[4] Potential bug: checking ../Makefile for ‘DEPTH=’ will fail for makefiles invoked from a parent directory several layers above cwd.
[5] Enhancement – modify make-makefile to parse and extract fully expanded values from config* to avoid invoking ./config.status for a subset of substitution tokens.
[6] make-makefile will issue a warning when the ./config.status script will be launched
WARNING: token SET_MAKE not defined
line 2, src: […..]/js/src/ctypes/libffi/Makefile.in

resources

Tool source

Unit tests

makefiles

Pending enhancements

  • Expand test coverage for make-makefile
  • Add Response file support.
  • Rewrite unit tests in python.
  • Porting make-makefile from perl to python.
  • minimize shell overhead from config.status use

Future Blog Topics

  • make-makefile args and enhancements to generalize logic and support container builds.
  • Container makefiles: scripts & config
    • containermake.py
    • template files
    • non-invasive makefile edits to support container builds
  • Container makefiles: bulk file processing
    • Makefile.in => Makefile
    • *.idl => .h, .xpt, and deps .xpt.pp
    • makefile targets: export, tools, libs, test, *
    • thread mutex from target modifiers and extra container dependencies
  • Makefiles and library logic
    • threadsafe mkdir library function
    • config/rules.mk modularity – isolating logic based on bulk build types
    • thread mutex from target modifiers and container dependencies
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Build system tools: make-makefile

Build system tools: make-makefile

The build process consists of several steps, one of which is the dynamic generation of makefiles – the creation of recipes that control how and when elements of firefox and friends are generated.  The tool currently used for generation is make-makefile, a utility written way back in the days of Netscape (circa 1999).  Intent for this post and a few more that will follow will be to document the tool and usage.

Program and config
* build/autoconf/make-makefile
* build/autoconf/makemakefile.pm
* build/autoconf/make-makefile.excl

make-makefile will be automatically invoked while building whenever a Makefile does not exist beneath the object directory or a template (Makefile.in) is newer than a previously generated Makefile.

 

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NYC – The City that Never Sleeps? Not so much.

On Friday, July 29, 2011, after completing my first work week with the rest of the Release Engineering team in Toronto I left for the airport around 3pm to catch a flight home to Albany, NY. The week went well and everyone had a great time, visited plenty of good restaurants and pubs along with a trip to the new office (under construction). Little did I know what adventure lay ahead on the trip back home. Here is the abridged version of the chain of events.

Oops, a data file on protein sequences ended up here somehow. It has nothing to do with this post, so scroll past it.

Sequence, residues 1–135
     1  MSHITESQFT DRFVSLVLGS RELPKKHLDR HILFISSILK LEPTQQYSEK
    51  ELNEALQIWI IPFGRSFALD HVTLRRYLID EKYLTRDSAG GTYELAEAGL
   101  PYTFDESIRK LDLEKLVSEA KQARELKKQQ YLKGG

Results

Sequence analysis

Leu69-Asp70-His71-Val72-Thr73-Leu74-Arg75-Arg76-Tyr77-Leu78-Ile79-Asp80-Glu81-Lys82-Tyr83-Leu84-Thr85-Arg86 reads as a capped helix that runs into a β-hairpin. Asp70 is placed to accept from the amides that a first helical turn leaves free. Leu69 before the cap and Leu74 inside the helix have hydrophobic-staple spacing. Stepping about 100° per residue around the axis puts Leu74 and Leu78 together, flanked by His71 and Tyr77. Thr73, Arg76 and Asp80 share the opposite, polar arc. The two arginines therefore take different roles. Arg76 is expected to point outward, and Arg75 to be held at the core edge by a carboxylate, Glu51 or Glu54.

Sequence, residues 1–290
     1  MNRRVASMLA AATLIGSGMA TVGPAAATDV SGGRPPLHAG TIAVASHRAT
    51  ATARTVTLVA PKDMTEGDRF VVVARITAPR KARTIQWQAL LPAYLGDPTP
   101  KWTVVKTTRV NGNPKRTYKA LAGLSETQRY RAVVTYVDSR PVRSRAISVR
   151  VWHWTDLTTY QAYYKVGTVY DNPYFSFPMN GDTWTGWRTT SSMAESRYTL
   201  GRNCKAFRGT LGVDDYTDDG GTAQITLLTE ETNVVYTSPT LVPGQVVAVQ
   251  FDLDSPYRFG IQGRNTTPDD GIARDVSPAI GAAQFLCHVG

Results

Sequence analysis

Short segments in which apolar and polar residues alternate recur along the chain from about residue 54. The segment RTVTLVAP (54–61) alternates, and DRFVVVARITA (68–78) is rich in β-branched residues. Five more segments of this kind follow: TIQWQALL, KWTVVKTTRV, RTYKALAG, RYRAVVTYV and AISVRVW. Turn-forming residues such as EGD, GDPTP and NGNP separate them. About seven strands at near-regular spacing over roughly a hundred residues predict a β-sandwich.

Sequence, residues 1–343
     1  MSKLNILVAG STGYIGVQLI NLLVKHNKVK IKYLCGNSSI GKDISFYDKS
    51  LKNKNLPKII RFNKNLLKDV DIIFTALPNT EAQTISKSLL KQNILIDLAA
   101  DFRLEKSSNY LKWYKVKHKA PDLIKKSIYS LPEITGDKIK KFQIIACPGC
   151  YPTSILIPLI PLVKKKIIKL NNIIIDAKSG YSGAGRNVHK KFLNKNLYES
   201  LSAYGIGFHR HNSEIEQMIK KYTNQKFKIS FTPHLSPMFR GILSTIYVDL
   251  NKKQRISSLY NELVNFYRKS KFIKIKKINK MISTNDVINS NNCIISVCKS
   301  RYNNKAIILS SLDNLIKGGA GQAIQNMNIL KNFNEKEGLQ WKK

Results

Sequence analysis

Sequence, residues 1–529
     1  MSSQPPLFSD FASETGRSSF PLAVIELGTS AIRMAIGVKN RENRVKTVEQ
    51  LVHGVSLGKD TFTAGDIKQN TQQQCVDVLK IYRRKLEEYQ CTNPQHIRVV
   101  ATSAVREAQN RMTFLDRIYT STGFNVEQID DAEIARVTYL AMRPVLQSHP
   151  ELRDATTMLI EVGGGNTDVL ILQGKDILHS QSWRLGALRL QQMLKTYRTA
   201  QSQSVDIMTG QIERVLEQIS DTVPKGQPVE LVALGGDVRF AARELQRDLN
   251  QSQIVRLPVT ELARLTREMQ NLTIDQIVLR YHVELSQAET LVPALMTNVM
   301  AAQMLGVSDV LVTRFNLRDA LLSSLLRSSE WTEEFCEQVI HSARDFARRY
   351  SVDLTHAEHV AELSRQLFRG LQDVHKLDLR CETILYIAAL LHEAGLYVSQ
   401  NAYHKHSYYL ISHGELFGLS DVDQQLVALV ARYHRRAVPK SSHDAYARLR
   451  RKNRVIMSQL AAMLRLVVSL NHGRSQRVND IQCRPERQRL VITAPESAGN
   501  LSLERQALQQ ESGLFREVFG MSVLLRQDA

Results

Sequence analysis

• My Air Canada flight from Toronto to La Guardia was scheduled to depart @ 7:15pm EDT. Upon arrival at the airport the ticket agent mentioned that the flight had been delayed. My connection from NYC to Albany would be missed, but figured the flight could be straightened out on the ground in LaGuardia.
  • Sent a text to my wife Lisa to let her know what was going on and she told me heavy thunder storms were in the forecast, moving out around 10-11pm.
  • Not long before we were supposed to board the plane, the flight was delayed a 2nd time to 9:00pm EDT
  • A 3rd gate change delayed departure until 9:40pm EDT.
  • Finally boarding, the flight was supposed to leave at 9:40pm, but we are still sitting on the runway at 9:48. We spent another 20-30 minutes taxiing and waiting for overhead traffic to clear but at least we are on the plane!
  • Oh, did I forget to mention one kid played basketball in the waiting area for 2hrs. Dribbiling, lay-ups on glass by the check in desk. What a special treat for everyone in the waiting area…
  • Landed at La Guardia around 11pm on Friday night to find out that the US Air flight @ 9:29pm was the ONLY flight available and was clearly missed. The earliest flight out to Albany would be sometime on Sunday.

Yes things were not looking good. Called Lisa again to let her know what was going on.

  • Began calling car rental companies from the airport. Lovely, these multiple choice answers can be used for all of them:
  1. Business is closed after 10pm
  2. All vehicles have been rented
  3. Vendor will not rent vehicles one-way, must be picked up and dropped off at LaGuardia.
  • So, onto hotels, maybe I could rest for the night and try to pick up an early rental return. Well Deja-vu:
  1. No Vacancy – on a Friday in NYC, go figure…
  2. No shuttle service available between the hotel & airport
  3. No answer at the main desk or through central reservations
  • Called Lisa back with an update, with her having never driven in NYC let alone La Guardia and the fact that it was getting late with a ~3.5 hour drive looming overhead. Having her drive down for a pickup did not seem like a good idea.
  • In the meantime, Lisa was trying to find alternate transportation. She checked the Amtrak schedule but both early morning trains on Saturday were sold out. Also friends we know in NYC were out of town so the streak of bad luck continued.